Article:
When I said grace and Spirit shaped stuff earlier, I omitted how I envision Jesus’ ethics, but that’s for when the Sermon on the Mount commentary appears. I offer what I think is a more credible Jewish and historical set of categories for framing Jesus’ ethics. Virtue ethics, and the other options, are later framings that each sets its own categories for ethics.

  • mick

    I think James Bryan Smith follows Willard’s thinking on this which does seem to include much of virtue ethics. Smith focuses on “change through indirection”. I see both Willard and Smith (and Lewis) differing from virtue ethics in that that there is something beyond or higher up because the pursuit and attachment is not to the virtue itself but by being in relationship with the Person who embodies them.

  • phil_style

    “Two decades’ worth of lab research has established that willpower is limited, and exerting self-control to resist impulses or change your actions depletes it. ”

    Yet imitation of others happens without will power. We are called to imitate another as our model, not to strive under our own will power.

  • Tom F.

    Scot, even as someone who is pretty influenced by virtue ethics, I would never call Jesus a virtue ethicist. At first, I thought you merely meant to suggest that to say “Jesus was a virtue ethicist” was to read back in a modern philosophical theory into the NT.

    But then, to my surprise, as I read further, you seemed to be suggesting that Jesus would actively oppose virtue ethics. “the NT sees transformation through grace and the Spirit etc. Not habit, but God’s gracious work in us. That’s not the same as virtue ethics.” Granted, transformation through grace and Spirit do not map entirely onto “habit” as virtue ethicists understand it. I think I would like you define “habit”, “grace”, and “Spirit” in the context of ethics; as I understand those terms, they are not necessarily opposed.

    Admittedly, I am very much indebted in my thinking to Stassen and Gushee’s Kingdom Ethics , but as I read the Sermon on the Mount, I DO (roughly) find things like character and habits to be important (but not central) concerns. For example, on murder, in Matthew 5:21, Jesus starts with a command, and then intensifies the command. So rather than simply not murdering, we are to refrain from even cultivating feelings of murderous rage (how I interpret “anger” here). Specific practices (“habits”) that are proscribed are insulting your brother (“You fool” will put one in danger of Gehenna). A further practice/habit is positively recommended: instead go and be reconciled even if it interrupts the worship of God. Lots of things that seem like habits to me. But perhaps I’m reading all this in, what do you see?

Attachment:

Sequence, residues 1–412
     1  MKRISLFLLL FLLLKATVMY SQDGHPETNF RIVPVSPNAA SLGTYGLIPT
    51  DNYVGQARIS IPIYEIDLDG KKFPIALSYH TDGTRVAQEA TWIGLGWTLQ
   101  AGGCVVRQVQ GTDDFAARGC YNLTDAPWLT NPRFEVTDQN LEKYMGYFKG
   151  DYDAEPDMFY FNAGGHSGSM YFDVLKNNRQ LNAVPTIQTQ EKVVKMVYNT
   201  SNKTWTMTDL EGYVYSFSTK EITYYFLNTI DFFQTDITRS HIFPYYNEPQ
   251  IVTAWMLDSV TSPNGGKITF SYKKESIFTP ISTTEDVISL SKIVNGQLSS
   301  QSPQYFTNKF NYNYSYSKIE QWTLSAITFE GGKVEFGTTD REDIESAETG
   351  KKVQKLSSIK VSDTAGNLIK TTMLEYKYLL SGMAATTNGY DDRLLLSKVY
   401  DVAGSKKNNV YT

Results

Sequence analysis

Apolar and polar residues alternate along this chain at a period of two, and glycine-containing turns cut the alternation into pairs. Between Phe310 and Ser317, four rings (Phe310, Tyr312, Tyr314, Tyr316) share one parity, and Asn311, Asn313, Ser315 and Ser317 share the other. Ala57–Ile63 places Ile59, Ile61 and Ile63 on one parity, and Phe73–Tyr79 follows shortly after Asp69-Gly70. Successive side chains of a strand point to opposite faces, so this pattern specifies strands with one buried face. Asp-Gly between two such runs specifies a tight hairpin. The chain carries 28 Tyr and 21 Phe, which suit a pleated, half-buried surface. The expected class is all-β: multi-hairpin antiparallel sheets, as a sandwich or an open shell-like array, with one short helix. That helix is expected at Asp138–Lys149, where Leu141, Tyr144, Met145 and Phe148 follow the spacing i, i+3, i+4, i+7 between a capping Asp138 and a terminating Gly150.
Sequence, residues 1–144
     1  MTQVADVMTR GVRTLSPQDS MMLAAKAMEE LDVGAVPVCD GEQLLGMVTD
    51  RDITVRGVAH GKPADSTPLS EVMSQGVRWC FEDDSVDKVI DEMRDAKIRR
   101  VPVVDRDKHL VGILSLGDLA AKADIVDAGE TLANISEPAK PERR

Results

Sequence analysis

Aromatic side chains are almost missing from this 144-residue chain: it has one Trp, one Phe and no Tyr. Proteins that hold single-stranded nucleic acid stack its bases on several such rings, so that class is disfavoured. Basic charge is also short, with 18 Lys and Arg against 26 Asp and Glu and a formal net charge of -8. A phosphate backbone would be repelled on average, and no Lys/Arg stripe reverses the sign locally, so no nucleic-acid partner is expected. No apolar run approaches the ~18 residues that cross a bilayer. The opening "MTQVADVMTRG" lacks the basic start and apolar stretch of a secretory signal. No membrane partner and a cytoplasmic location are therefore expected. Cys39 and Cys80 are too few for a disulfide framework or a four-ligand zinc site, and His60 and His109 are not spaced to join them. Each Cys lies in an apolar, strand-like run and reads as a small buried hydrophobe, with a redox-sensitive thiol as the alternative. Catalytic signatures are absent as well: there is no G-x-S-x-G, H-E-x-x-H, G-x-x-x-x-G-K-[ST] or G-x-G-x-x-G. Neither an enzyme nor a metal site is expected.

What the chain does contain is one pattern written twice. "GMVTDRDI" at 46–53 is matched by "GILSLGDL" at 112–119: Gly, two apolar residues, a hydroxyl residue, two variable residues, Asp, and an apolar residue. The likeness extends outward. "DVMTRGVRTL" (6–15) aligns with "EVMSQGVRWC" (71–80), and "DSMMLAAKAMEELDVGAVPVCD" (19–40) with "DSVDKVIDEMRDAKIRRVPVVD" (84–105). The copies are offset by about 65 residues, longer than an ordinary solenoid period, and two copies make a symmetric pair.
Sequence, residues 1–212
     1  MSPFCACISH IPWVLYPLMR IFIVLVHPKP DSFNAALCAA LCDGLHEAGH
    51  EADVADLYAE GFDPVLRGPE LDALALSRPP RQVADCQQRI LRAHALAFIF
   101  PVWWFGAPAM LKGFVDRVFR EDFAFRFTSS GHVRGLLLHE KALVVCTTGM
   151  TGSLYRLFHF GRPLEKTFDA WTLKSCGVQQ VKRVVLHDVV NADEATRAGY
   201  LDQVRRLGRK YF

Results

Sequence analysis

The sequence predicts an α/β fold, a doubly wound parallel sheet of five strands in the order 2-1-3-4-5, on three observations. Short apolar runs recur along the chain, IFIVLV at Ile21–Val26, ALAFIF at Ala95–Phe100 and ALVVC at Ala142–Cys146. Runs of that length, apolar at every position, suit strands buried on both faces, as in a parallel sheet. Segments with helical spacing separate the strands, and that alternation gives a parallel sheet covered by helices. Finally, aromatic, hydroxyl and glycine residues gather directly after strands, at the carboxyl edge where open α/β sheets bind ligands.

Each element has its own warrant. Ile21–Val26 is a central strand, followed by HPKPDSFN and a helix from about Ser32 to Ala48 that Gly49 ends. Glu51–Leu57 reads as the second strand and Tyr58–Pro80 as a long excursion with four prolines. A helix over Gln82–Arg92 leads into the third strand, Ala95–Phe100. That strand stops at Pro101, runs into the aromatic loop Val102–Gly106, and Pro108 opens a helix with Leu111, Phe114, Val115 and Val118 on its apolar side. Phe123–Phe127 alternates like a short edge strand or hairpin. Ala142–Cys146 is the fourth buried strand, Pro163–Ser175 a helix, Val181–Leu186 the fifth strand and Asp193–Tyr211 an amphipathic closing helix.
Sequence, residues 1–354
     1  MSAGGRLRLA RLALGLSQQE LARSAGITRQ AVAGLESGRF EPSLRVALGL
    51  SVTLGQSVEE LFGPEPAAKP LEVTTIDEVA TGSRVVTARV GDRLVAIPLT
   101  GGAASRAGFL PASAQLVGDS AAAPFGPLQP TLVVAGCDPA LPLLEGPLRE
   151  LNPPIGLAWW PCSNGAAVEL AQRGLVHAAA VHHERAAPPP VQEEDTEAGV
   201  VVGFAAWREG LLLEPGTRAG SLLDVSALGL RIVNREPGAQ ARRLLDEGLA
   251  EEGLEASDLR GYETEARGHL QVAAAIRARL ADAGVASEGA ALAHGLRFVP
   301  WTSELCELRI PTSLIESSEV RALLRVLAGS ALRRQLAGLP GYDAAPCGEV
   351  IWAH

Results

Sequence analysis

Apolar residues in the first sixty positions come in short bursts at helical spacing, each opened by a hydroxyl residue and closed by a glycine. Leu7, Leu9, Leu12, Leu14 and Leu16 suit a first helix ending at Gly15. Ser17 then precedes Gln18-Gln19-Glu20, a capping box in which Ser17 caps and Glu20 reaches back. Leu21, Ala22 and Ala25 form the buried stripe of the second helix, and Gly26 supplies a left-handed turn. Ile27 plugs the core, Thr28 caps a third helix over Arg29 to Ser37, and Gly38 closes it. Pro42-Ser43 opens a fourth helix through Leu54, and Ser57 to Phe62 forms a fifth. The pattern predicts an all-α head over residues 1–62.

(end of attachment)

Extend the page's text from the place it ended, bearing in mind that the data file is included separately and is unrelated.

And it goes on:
Now, I think these practices also witness to the present/incoming reality of the kingdom. I think that it is likely that the primary purpose of these practices is that witness. Perhaps this is what you mean by “eschatological ethicist”. I just don’t understand the either/or that says that this means virtue ethics is actually opposed to this larger eschatological framework. If anything, the sermon on the mount says to me: “Ethics are about getting in line with God’s gracious rule (Kingdom); so what is important is to be graciously formed by God’s Spirit through the practices he wisely has given you (“habits”) so that you can witness to this Kingdom which God will bring about.”

    I look forward to being challenged by your further thoughts as you explain more of your ideas once the commentary is published.

  • scotmcknight

    Tom F, it’s about how Jesus framed ethics. One can “see” the “habits” if one wants to but Jesus doesn’t raise “habits” to a conscious level that I see in either Aristotle or most esp in later conscious virtue ethics. To see “habit’ in the murder is to read into that text a habit. The murder statement operates differently: don’t be angry because I, the Kingdom Lord, say not to. Take love of enemies … the point is not that habit-formed character rises to the surface but that there’s something radically new and different at work in those connected to Jesus. They will love, not hate, their enemies.

    I’m not sure I’d say Jesus would oppose VE. He doesn’t operate as they do. That’s my point: how to frame ethics in a 1st Century Jewish context … when VE takes over we lose other elements that need to be up front and central for Jesus.

  • RJS

    Scot,